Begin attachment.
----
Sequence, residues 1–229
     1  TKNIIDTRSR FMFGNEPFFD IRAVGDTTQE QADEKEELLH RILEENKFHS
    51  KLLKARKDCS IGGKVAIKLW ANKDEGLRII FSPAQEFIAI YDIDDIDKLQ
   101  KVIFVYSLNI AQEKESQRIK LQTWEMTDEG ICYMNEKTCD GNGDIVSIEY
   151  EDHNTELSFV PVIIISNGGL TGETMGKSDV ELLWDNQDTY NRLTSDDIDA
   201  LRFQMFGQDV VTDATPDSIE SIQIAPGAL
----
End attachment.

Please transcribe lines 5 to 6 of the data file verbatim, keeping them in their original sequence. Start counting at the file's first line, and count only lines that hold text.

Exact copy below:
   151  EDHNTELSFV PVIIISNGGL TGETMGKSDV ELLWDNQDTY NRLTSDDIDA
   201  LRFQMFGQDV VTDATPDSIE SIQIAPGAL